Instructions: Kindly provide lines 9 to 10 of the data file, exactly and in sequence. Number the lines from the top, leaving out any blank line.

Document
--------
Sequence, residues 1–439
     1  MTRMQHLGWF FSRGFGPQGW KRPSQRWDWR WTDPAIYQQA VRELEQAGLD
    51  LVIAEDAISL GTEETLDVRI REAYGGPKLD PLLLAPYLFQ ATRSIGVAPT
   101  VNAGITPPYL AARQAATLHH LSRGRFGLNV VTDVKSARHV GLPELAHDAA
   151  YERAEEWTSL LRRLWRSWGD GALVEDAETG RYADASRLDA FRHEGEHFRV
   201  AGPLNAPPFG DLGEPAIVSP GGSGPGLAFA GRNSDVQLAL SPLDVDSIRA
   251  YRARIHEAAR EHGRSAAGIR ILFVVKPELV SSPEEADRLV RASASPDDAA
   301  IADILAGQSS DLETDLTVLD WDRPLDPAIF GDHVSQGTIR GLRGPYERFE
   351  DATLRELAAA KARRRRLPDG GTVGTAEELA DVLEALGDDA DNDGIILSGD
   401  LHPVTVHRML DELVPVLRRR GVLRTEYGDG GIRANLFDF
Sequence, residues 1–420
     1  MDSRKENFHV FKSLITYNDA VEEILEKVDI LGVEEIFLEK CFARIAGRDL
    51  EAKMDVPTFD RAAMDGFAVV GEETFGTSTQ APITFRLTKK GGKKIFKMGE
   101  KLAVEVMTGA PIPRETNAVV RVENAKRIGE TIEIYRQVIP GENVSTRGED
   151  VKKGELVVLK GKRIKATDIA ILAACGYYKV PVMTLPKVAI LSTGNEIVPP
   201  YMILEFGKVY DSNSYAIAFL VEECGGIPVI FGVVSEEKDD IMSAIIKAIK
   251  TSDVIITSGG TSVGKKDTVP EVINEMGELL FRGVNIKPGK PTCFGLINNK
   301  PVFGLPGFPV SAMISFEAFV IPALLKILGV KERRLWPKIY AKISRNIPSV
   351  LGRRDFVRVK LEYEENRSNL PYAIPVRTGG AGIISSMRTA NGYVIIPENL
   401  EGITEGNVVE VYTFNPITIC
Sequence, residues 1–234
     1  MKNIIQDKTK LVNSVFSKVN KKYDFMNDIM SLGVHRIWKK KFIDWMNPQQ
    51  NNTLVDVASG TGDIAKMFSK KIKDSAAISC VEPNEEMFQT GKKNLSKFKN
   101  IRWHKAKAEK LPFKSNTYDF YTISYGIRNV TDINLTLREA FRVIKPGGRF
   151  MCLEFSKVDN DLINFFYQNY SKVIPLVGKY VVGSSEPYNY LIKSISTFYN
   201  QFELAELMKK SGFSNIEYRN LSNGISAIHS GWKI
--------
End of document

   351  DATLRELAAA KARRRRLPDG GTVGTAEELA DVLEALGDDA DNDGIILSGD
   401  LHPVTVHRML DELVPVLRRR GVLRTEYGDG GIRANLFDF